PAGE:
Joshua Baldock

Our interviewee for this instalment of People in NDE is Joshua Baldock, an Inspection Development Engineer in the energy industry…

Briefly describe your current role
I am an Inspection Development Engineer working in the energy industry. My main role is to look at ways of improving inspection techniques and to develop inspection solutions for new or existing applications.

What does a typical work day involve?
It varies a lot from day to day. Sometimes I can be performing inspection trials in the lab or inspections on site. Other times I can be managing a team of NDT technicians, assessing the capabilities of new and existing inspections or developing new manipulator platforms to deploy inspection solutions. It’s a real mix – that’s one of the reasons I enjoy it.

What education/training route did you follow? What other roles/jobs have you had in the past?
Before I joined the NDT industry, I was working in a corner shop while studying for a physics degree at the University of Warwick. After I graduated, I began working in the energy industry as a camera operator, focusing on remote visual inspections. I’ve since expanded my knowledge and role into ultrasonics and eddy current testing. I’ve only been working in NDT for about four years now.

Why did you choose NDT?
I think there are two main reasons. The first is that NDT is a great practical discipline but requires a lot of thinking and evaluating too. It’s a great mix of using your head and hands. The second reason is the variety of opportunities that come along; there’s always something interesting to work on. It’s definitely not a boring job, that’s for sure.

What would you consider to be your biggest NDT career achievements and challenges to date?
That’s a tough one because I’ve worked on a variety of things. One that springs to mind is performing in-vessel inspections on a reactor in 2014. A more recent one is where I helped to qualify inspections for a long-term fuel store – the first of its kind here in the UK.

What changes, if any, do you foresee for NDE in the future?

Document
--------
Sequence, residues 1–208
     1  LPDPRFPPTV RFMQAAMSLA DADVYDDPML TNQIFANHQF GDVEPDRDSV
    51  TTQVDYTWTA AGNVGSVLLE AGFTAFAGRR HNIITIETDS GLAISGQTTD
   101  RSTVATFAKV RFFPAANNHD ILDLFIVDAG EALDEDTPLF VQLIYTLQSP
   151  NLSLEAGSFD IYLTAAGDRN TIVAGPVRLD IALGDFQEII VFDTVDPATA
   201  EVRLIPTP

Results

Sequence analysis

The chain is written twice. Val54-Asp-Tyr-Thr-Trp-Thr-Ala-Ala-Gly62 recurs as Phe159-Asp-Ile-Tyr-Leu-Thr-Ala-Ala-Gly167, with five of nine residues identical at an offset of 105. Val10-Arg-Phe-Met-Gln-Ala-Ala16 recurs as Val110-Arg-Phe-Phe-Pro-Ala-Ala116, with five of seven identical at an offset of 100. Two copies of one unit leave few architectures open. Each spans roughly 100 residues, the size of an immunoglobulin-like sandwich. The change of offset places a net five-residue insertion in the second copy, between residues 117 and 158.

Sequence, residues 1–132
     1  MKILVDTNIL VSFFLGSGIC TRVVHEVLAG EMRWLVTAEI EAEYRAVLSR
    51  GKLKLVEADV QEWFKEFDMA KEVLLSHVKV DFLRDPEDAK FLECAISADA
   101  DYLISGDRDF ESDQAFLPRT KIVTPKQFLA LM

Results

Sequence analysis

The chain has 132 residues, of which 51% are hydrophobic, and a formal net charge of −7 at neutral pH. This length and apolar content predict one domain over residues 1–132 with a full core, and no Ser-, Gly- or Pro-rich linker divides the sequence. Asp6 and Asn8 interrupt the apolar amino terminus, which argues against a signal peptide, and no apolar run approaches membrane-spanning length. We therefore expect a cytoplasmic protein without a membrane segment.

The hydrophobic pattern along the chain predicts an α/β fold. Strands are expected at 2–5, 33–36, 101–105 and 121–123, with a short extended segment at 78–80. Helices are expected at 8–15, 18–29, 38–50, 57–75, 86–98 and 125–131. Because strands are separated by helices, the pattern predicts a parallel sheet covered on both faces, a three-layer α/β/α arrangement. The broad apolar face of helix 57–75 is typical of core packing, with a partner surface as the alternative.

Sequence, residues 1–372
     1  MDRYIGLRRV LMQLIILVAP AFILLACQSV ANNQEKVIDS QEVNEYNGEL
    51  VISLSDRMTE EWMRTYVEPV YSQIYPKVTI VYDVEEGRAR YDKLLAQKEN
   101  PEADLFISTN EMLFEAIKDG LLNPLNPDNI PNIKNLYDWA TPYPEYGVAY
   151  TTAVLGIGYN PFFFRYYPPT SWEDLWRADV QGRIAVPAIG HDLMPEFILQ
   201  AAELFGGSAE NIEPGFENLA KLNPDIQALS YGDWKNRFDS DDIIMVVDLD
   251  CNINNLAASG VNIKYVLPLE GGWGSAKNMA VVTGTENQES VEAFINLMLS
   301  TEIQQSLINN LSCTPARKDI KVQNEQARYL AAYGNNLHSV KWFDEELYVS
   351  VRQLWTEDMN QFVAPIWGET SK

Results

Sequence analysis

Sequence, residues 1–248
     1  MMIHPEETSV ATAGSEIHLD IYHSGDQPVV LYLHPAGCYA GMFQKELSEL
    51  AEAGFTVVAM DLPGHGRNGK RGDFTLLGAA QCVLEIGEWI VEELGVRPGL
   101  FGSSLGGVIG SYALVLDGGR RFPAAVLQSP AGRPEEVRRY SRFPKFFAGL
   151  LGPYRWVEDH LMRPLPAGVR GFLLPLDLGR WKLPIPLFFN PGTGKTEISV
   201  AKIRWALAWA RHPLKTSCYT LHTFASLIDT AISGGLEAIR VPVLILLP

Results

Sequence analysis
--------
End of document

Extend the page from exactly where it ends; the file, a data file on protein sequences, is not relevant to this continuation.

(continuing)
I think that there are going to be a lot more automated inspections in the future. The reliability and repeatability of automation can make it really helpful when combined with experienced operators. There are also going to be a lot more novel applications for existing inspection techniques – it’s great how diverse the application of NDT can be.

NDE is rarely considered a ‘hot topic’ and does not receive much media attention – what do you think about this?
In some ways it’s not a problem; most NDE engineers are so dedicated to getting the job done that this is enough in itself. In other ways it is a problem; a lot of the most experienced members of the NDE community are getting closer to retirement and we don’t want to lose that knowledge. It would also be great to broadcast some of the new inspection technologies that are being developed, because there could be many more applications if people were more aware of them.

How would you describe NDE/NDT to someone who knows little or nothing about it?
That’s a tough one. I would describe it as obtaining a real-time snapshot of a material’s condition and properties without causing it any damage.

Please get in touch if you have any recommendations for future interviewees or would like to be interviewed yourself. Contact the editor at or email Maria Felice direct at

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